June 30, 2011
This morning Alison and I traveled to Nairobi for meetings with our colleagues, while Jenny and Katie held down the fort at Kampi Safi.
In the Rift Valley, silence is the norm. However, there are a few sounds which, surprising at first, become commonplace. Let me mention here one of Katie’s first experiences with one of the more common sounds.
She was working today with the rest of the crew at BOK-2. The crew diligently chipped away at layers of sediment, while Katie wrote bags for the artifacts. For the most part it was peaceful. Then suddenly, a whooooosh sound fell over the site. It sounded like a massive waterfall. Katie looked around confusedly, looking up in the sky for a plane or wondering if a car was somehow approaching over the dusty hills.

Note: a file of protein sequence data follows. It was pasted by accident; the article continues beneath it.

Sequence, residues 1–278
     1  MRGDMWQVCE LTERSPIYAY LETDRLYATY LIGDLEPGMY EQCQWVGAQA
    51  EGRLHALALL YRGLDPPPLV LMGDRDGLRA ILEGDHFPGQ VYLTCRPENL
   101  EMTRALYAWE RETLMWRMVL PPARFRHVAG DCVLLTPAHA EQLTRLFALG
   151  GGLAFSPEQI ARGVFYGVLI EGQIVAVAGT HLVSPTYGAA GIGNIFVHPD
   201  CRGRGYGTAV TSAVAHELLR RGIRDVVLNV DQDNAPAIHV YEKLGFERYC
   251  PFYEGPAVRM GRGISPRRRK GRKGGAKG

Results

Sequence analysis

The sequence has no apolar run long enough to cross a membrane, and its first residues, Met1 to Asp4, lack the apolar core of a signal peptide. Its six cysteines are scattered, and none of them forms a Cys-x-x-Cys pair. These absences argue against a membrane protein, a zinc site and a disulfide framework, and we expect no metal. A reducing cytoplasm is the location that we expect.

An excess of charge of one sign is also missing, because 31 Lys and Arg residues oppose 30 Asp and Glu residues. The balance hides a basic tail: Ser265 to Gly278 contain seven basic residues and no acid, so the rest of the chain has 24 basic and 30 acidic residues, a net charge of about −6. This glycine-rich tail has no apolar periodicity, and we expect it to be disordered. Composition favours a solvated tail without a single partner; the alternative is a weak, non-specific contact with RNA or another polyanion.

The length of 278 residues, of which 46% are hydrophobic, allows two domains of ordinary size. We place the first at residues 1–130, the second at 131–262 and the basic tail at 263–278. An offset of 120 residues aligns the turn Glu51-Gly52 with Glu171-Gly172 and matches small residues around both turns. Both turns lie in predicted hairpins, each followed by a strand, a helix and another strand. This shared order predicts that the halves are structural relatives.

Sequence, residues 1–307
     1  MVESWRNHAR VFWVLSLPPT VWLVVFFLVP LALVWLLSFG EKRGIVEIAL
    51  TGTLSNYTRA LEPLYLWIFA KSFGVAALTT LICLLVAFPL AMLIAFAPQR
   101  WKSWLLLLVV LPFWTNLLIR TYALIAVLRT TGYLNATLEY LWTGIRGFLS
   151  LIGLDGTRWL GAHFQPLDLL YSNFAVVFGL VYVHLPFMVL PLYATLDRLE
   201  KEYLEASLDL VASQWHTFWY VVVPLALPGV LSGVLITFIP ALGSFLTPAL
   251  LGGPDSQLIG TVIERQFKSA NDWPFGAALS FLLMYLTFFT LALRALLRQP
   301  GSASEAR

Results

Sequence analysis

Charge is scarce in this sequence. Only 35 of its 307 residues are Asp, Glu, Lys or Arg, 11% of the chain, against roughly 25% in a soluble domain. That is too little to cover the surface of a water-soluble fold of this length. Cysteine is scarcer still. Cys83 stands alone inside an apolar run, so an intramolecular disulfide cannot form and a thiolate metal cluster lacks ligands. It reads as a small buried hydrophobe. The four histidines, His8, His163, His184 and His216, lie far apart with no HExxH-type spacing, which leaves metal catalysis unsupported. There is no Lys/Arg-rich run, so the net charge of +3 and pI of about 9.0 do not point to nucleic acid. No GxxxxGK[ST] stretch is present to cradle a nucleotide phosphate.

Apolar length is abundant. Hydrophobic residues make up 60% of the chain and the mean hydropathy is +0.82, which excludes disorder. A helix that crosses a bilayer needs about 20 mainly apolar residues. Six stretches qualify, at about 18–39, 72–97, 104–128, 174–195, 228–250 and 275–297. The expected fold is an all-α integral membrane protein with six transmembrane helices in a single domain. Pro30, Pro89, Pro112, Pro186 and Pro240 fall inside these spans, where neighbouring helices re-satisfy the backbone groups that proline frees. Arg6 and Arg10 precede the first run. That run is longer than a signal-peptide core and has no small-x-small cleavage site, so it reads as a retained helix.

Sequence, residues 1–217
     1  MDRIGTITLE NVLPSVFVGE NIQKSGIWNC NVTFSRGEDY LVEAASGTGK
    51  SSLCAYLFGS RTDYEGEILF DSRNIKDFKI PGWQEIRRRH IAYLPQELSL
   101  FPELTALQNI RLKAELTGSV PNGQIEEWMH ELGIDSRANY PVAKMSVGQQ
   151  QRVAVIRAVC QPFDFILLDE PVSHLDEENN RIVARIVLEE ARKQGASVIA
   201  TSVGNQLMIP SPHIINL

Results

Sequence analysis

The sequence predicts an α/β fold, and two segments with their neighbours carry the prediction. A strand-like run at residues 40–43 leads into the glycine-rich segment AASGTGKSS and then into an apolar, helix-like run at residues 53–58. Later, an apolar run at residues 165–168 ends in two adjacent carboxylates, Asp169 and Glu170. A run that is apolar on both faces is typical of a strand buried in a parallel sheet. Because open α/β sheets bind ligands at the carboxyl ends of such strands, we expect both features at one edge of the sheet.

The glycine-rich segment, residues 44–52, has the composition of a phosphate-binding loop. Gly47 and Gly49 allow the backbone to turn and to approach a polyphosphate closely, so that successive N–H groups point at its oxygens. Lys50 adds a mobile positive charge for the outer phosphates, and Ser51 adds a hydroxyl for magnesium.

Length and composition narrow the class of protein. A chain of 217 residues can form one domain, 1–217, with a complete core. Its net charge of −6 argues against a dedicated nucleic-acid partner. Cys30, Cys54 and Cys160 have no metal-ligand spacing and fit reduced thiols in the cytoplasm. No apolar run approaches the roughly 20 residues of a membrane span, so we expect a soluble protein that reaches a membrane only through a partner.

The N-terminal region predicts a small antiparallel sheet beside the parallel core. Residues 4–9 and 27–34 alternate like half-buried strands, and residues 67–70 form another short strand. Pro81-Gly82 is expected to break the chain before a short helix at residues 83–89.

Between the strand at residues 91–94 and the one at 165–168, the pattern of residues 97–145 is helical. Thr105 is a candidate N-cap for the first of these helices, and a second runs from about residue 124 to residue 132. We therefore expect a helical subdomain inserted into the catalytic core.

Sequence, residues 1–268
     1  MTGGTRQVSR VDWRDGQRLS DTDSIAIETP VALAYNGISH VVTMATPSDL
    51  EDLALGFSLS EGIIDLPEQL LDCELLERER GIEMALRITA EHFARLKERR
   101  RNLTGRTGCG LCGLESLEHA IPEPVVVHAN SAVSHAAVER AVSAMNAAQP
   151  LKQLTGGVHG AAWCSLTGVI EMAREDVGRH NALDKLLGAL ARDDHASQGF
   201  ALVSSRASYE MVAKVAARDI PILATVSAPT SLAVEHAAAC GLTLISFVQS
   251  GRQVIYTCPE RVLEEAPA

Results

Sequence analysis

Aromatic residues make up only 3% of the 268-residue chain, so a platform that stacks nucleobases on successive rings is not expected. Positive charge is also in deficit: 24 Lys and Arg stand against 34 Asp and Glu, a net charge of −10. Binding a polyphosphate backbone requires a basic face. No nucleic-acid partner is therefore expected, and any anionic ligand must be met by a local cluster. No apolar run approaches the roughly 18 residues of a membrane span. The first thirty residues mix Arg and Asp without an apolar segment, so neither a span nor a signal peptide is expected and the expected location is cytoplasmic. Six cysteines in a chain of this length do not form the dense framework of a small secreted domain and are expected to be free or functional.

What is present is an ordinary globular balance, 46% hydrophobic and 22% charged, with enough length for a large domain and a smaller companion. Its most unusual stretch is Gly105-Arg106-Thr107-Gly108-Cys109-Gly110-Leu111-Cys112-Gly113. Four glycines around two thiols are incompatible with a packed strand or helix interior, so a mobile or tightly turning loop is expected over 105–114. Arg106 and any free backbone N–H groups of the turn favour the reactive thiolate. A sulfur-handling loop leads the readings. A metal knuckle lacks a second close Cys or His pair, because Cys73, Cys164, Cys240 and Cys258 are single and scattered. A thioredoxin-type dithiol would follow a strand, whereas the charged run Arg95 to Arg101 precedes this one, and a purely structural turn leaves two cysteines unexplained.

‘What is it?’ she asked Mativo, one of our crew members.
‘Wind,’ he said.
‘That’s it? Just wind?’
At that instant, Mativo pointed to the east. Only a few hundred feet away, a strong gale had formed a swirl, dispersing dust in every direction, gathering energy as it approached. It’s called a dust devil. We often see giant dust devils dancing across the region. Only rarely do we get caught right in the middle of one while excavating. But, sure enough, the dust devil grew and grew into a formidable dust storm. So the crew grabbed their hats and excavating tools, and prepared for the blast. The dust devil came and went in seconds, leaving everything in its wake, including Katie and the crew, covered in dirt.
Just another day at the digs!